UPDATE, 5:36 p.m.: Here’s an interesting quote from Girardi on Marte, whose success this postseason (see above in the pregame notes) has been critical. “Once we signed him and added the extension, we thought he could be a very big player in our bullpen,” Girardi said.
“He’s very tough on left-handers. He’s got angle, he’s got deception, and we missed him at times this year. Phil Coke did a tremendous job for us, but there are times during the course of a game where you’d love to have two left-handers. It took some time to get him back. He went through a lot of rehab to get to this point. But he’s had match-ups against these guys before, being in the National League, being in Pittsburgh, he’s familiar with this ballpark in a sense, the hitters here, and we thought he could play a very important role.”
UPDATE, 5:45 p.m.: Derek Jeter has had a busy World Series when it comes to awards named after baseball legends. After winning the Roberto Clemente Award for commitment to community earlier in the Series, Jeter – along with Cardinals slugger Albert Pujols – will be honored with the Hank Aaron Award for outstanding offense. Internet fans cast more than 1.6 million votes with Jeter winning the American League award for the second time after taking it in 1996 and Pujols capturing the National League honor for the second time after a 2003 victory.
Jeter hit .334 with 107 runs scored, 66 runs batted in and 30 stolen bases with 18 home runs over 153 games. It was his 11th season batting at least .300.
UPDATE, 5:53 p.m.: Chad again. Back with some notes from Girardi’s session with the beat writers.
• Girardi said he’s going to discuss the idea of having Jorge Posada catch A.J. Burnett tomorrow, but I wouldn’t count on Posada being in the lineup. “We went with Molina so far and those two have hooked up very well,” Girardi said.
• Assuming everyone feels strong enough and barring any “unforeseen things,” the plan is to stick with the three-man rotation.
• Chad Gaudin has been told to be ready for anything. Just guessing here, but he should probably also be ready for nothing.
• I’m sure you noticed the change in Nick Swisher’s batting stance last night. If you didn’t notice it, check out the fine folks at River Ave. Blues. Girardi said the change came from Kevin Long. “They went to work on it when we said we were going to sit him down for the day,” Girardi said. “And it paid off last night.”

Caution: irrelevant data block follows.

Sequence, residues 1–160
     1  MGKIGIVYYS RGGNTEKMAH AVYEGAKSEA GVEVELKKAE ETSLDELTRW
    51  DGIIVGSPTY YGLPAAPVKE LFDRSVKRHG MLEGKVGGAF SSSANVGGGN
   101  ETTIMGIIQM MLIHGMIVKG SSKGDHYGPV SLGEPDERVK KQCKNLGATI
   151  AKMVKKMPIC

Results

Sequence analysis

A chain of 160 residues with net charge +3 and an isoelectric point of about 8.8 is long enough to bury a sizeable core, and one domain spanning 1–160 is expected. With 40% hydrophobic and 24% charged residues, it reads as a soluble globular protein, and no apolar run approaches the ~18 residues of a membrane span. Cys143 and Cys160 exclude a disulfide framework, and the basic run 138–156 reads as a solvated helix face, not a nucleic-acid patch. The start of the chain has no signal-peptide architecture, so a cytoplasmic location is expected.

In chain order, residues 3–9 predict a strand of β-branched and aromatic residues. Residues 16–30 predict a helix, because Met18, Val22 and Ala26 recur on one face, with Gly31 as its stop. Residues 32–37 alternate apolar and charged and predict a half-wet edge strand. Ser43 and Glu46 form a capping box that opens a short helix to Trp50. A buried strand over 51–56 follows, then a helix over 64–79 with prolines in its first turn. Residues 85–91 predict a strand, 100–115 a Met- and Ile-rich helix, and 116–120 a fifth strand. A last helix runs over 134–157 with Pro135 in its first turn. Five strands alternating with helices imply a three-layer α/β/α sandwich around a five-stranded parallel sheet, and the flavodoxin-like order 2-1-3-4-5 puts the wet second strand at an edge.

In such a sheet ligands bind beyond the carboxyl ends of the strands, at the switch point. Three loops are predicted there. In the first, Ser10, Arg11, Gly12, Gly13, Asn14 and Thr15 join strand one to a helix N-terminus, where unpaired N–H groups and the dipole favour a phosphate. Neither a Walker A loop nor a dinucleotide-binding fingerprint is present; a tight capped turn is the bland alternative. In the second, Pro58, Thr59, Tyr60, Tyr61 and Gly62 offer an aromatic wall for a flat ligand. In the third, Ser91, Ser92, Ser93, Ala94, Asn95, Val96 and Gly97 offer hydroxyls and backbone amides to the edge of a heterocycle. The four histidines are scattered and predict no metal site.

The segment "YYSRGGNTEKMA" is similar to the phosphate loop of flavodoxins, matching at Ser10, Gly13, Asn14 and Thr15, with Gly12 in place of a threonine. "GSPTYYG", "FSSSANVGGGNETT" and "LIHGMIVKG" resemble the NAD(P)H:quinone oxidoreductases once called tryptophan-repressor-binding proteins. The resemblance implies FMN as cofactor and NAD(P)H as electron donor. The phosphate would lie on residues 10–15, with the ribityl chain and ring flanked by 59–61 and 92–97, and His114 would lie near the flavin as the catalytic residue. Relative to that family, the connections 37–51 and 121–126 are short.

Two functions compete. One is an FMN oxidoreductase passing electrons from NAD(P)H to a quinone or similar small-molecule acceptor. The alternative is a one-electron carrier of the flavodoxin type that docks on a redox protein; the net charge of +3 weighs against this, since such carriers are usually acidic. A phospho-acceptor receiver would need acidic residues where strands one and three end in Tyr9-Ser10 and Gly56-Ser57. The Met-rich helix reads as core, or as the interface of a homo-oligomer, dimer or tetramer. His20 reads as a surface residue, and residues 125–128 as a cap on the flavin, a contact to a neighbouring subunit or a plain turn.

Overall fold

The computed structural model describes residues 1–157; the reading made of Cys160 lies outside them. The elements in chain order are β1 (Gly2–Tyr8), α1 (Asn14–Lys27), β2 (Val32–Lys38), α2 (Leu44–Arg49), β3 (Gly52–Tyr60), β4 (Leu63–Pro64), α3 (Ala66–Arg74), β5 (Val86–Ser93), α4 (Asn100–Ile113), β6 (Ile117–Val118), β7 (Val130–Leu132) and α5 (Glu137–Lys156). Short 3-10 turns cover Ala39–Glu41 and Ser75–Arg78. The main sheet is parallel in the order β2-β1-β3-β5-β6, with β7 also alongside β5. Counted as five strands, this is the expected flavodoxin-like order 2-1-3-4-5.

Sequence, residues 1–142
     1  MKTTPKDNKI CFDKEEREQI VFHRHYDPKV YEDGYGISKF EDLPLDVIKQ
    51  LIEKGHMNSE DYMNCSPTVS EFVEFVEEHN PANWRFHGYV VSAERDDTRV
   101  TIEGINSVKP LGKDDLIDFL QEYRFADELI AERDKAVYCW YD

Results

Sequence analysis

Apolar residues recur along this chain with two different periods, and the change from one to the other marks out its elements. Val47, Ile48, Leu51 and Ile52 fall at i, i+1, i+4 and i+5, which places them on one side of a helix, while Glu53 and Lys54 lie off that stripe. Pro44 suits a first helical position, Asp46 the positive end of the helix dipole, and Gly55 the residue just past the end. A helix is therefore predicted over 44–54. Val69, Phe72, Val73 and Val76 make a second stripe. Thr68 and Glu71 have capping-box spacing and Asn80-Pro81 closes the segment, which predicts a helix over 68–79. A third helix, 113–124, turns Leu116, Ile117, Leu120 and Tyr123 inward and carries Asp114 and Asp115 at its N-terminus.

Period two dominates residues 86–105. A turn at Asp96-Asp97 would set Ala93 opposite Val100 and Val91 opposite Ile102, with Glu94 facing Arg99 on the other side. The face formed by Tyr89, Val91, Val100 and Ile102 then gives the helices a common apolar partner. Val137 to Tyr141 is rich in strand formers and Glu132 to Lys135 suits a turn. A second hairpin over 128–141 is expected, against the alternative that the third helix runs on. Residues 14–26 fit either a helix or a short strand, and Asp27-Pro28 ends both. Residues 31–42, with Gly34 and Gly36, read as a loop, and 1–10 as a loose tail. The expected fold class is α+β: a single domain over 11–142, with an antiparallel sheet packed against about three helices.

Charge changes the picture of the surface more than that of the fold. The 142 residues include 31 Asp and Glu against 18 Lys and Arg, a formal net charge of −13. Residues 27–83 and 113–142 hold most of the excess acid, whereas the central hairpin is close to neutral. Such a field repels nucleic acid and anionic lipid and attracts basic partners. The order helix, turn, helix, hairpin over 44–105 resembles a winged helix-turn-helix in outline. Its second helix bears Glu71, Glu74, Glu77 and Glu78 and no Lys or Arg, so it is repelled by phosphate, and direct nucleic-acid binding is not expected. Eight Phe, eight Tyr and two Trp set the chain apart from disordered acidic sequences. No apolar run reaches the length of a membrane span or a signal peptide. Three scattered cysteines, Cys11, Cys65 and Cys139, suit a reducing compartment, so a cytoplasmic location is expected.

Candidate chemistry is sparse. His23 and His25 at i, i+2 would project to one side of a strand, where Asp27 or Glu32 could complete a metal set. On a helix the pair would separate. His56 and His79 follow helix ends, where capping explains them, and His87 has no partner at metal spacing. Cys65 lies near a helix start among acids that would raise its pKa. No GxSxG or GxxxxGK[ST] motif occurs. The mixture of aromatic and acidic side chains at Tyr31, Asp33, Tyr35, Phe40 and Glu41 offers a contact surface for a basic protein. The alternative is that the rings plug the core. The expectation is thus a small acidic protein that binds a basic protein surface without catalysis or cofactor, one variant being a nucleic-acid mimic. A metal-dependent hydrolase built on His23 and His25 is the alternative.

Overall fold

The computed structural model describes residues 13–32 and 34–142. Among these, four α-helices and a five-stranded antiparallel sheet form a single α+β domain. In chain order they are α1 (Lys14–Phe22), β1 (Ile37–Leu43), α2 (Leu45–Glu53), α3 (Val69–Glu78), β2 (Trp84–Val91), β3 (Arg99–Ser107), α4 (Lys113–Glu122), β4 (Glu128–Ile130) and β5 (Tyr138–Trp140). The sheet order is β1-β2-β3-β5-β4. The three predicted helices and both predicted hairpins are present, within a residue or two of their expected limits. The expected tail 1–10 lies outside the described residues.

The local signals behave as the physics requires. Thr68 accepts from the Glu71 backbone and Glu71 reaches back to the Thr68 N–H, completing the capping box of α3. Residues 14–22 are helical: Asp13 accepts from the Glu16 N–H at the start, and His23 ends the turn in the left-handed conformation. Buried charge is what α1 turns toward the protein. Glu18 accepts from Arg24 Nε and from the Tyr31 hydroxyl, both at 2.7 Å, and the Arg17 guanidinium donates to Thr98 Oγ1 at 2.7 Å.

• Pretty funny line from Girardi when he was asked if he had an issue with Jayson Werth’s reaction after hitting his second home run last night. “I had an issue with how far he hit it,” Girardi said.
UPDATE, 7 p.m.: The Yankees are finishing up batting practice now as the fans are filing into the stadium. CC Sabathia hit with the first group and, from what I could tell, looks to have a good swing tonight. In the two rounds I watched, he hit six or seven line drives that were near-certain base hits. By the way, the last pitcher to homer in a World Series game was … Joe Blanton (Game 4 last year).
UPDATE, 7:47 p.m.: Here’s a picture of the last group to hit during batting practice. That’s A.J. Burnett on the left, getting hitting tips from Reggie Jackson. The other two are Chad Gaudin and Alfredo Aceves. Those three pitchers took BP with Freddy Guzman and Ramiro Pena. The last pitch of batting practice was an Aceves home run to left.
UPDATE, 8:20 p.m.: Phillies have taken the field. Among the more random patterns that has developed this series is A-Rod taking his last few warm-up throws in front of the Yankee dugout with … Francisco Cervelli. Yup, Cervelli isn’t on the active roster but gets in uniform and is out there playing catch with A-Rod moments before the game starts. He also is usually out there taking early grounders with Alex hours before the game.
UPDATE, 8:24 p.m.: And we’re off. It’s 49 degrees and clear at first pitch. Enjoy the game.
UPDATE, 8:26 p.m.: That didn’t take long. Infield single by Jeter, double by Damon, groundout by Tex and it’s 1-0 Yankees.
UPDATE, 8:27 p.m.: Well, that’s a new one. The umpires got together to discuss whether to warn the teams after A-Rod gets hit again. With a base open and the the HBP coming on the first pitch, it sure looked pretty suspicious. Truthfully, I think plate ump Mike Everitt was right to initially not give a warning because then the Yankees could respond (and, after three HBPs in two games on their best player, you could understand it.)
Now, with the warning already out there, that opportunity has been taken away and any hit batter could be an ejection. That’s why Joe Girardi was upset and went out to argue it.
UPDATE, 8:32 p.m.: CC had a quick word with the plate ump and the second base ump (veteran Joe West) before beginning his warm-up pitches. Giving him a 2-0 lead before he takes the mound is about as good a situation as the Yankees could have hoped for.
UPDATE, 8:48 p.m.: That’s 24 pitches for CC in the first inning as he gives one run right back. His location didn’t look that sharp at the start but a couple of good sliders to Howard and Ibanez got him out of it.
UPDATE, 9:01 p.m.: Chad here. If you’re wondering why it sounds like the Philly crowds boos when Carlos Ruiz comes to the plate, his nickname is Chooch. That’s what the crowd is screaming. That’s one of many facts a person can learn in the course of seven years spent covering baseball in Scranton.
UPDATE, 9:26 p.m.: Robinson Cano officially looks lost at the plate. He’s 1-for-13 (.077) in the World Series and 9-for-50 (.180) during the postseason. Ugh.